The Menu | Third Space

The Menu

Tue 15 Nov 2022
Eat the Rich

4.5 out of 5 stars

The phrase "Eat the rich" is a political slogan usually associated with class conflict and anticapitalism. The Menu brings a whole new definition to the term. While plenty of films have satirised the elite, this ranks as one of the best, as it subverts expectations and avoids easy targets, instead excelling in the unexpected.

The Menu follows a young couple, Margot (Anya Taylor-Joy) and Tyler (Nicholas Hoult). They travel to a remote island to eat at Hawthorne, an exclusive restaurant run by celebrity chef Julian Slowik (Ralph Fiennes). Slowik has prepared a lavish molecular gastronomy menu where food is treated as conceptual art. Still, his approach to cuisine has some shocking surprises for the wealthy guests (Janet McTeer, Reed Birney, John Leguizamo, amongst others).

Ominous, enigmatic, and deliciously dark, the film serves up a phenomenal feast filled with suspense and style and seasoned with great performances in a satisfyingly presented meal that leaves the audience with much to digest. All food puns aside, this is a devilishly dark comedy involving increasingly entertaining scenes that build unpredictably with a controlled sense of dread. Like Chef Slowik’s carefully manicured menu, screenwriters Seth Reiss and Will Tracy craft a perfectly balanced script that is layered and seasoned with moments of comedy, horror, drama, and thrill. There is plenty to chew on in their takedown of the elite. Especially with the seven deadly sins on display amongst the dinner guests, the audience will find plenty of brilliant thematic lines to trace.

It is a film best enjoyed with a fresh palette, so we shan’t spoil your appetite. Yet, in a carefully crafted film with such delicious themes of obsession, recognition, and legacy, it is a genuinely satisfying and disturbing tasting experience. Ralph Fiennes, Anya Taylor-Joy, Nicholas Hoult, and Hong Chau are the standouts of the ensemble. Fiennes, in particular, delivers a performance so calculated, cold, obsessive, and disturbed that you can not look away. He commands the screen and the kitchen. It is also a truly biting film with brilliant visual gags and cracking lines.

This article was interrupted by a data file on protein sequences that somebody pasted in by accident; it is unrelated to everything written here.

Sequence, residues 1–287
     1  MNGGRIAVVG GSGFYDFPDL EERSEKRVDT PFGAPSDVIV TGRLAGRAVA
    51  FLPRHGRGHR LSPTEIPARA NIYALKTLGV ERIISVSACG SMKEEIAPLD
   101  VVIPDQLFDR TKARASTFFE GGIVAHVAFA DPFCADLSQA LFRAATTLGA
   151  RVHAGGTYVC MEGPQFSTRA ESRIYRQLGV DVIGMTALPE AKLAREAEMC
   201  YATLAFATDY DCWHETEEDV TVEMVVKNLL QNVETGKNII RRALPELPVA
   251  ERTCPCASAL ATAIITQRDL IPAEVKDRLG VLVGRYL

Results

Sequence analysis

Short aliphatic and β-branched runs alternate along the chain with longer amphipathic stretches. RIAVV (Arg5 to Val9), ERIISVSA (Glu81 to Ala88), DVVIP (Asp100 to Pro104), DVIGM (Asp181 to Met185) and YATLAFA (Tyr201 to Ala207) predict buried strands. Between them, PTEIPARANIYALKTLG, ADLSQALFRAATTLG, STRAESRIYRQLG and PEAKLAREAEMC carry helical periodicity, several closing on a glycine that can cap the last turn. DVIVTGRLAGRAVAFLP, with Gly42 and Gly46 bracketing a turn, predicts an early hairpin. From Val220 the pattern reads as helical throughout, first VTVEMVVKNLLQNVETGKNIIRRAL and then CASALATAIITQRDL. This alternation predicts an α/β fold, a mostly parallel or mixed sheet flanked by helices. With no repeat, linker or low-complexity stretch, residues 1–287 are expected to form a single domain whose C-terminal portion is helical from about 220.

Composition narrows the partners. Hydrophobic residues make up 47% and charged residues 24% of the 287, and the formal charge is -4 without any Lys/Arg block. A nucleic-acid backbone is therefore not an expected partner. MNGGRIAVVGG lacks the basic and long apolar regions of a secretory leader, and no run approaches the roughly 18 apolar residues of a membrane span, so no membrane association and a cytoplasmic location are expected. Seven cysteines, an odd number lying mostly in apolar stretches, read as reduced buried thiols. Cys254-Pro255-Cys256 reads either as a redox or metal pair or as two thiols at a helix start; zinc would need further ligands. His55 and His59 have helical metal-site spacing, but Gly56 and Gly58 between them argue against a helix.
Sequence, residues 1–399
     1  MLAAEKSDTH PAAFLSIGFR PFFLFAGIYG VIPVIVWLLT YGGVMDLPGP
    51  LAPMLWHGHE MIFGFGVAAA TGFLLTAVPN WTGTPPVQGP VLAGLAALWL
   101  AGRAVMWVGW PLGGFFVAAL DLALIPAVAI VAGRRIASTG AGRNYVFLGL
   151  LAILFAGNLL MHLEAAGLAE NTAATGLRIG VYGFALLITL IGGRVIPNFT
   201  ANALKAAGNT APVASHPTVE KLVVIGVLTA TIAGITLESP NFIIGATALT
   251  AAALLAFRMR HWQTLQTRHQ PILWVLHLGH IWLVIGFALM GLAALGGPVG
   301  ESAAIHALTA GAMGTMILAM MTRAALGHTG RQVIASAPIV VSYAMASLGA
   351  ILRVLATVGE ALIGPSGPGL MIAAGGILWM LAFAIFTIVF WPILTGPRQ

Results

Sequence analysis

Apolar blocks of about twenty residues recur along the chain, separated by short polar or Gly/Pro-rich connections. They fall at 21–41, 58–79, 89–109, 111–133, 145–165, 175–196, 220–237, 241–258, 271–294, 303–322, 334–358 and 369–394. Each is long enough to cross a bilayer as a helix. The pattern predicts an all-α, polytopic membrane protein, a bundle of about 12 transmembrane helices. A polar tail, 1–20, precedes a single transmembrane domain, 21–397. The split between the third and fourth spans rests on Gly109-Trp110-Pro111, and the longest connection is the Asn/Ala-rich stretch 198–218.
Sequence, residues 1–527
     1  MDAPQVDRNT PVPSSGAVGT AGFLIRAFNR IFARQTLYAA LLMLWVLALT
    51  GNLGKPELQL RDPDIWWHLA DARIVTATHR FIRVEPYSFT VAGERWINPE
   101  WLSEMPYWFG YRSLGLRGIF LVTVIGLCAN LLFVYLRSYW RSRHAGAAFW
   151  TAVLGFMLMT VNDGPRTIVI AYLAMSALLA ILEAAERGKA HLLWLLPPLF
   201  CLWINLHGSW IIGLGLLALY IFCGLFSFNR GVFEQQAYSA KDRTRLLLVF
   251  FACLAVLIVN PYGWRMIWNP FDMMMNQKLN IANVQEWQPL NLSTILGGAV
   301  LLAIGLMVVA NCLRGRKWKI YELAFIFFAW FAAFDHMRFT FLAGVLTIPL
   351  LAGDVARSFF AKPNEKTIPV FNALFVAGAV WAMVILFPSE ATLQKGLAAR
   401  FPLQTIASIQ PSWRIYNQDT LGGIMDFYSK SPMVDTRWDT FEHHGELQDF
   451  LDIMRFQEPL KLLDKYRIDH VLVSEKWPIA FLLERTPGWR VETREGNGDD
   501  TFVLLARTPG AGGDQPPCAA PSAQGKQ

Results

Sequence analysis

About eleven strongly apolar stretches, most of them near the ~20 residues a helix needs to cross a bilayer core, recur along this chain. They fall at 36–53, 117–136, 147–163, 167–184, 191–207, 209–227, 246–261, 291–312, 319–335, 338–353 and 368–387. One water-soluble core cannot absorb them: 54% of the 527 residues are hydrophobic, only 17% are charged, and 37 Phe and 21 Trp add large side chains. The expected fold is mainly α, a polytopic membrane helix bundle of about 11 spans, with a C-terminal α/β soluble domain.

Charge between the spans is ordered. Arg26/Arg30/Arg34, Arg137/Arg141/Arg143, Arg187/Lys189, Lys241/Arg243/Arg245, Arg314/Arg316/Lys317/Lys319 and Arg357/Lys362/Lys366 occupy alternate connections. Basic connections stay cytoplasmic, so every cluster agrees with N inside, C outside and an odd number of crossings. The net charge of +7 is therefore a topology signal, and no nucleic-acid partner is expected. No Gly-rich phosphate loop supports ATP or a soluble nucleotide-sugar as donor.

Director Mark Mylod, best known recently for directing episodes of hit TV shows, like Game of Thrones, Shameless, and Succession, is given ample opportunity to be cinematic here, despite the smaller scale. The film is almost entirely shot in one location, the restaurant Hawthorne. This central location allows the outside world to slowly feel more alienating and disconnected. Add a mysterious staff of kitchen hands and a haunting score from Colin Stetson. The film’s atmosphere grows from entitled to eery rather seamlessly.

Overall, The Menu is not for the faint of heart, but for those in the mood for a diabolical dark comedy thriller. One that is exhilarating and engrossing, and that leaves a strangely satisfying taste in its wake.

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Russ Matthews' new book is a modern-day parable that introduces a radically easy way of talking about God’s story

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Reel Dialogue: The price of perfection

Chef Slowik is a man driven by an obsessive need for perfection. He has assembled a kitchen of people who adore him to the point of blind worship. Still, this man is not perfect. He even acknowledges that nothing can ever be perfectly planned, despite the arduous amount of time and effort that may be poured into trying. We, too, may often strive to be perfect. But we can not be. No one can because of our sin. The only one who is perfect is Jesus, and because He was perfect, and without blemish, He could die in our place, so that one day we might be made perfect in Him.

“fixing our eyes on Jesus, the pioneer and perfecter of faith. For the joy set before him he endured the cross, scorning its shame, and sat down at the right hand of the throne of God.” - Hebrews 12:2

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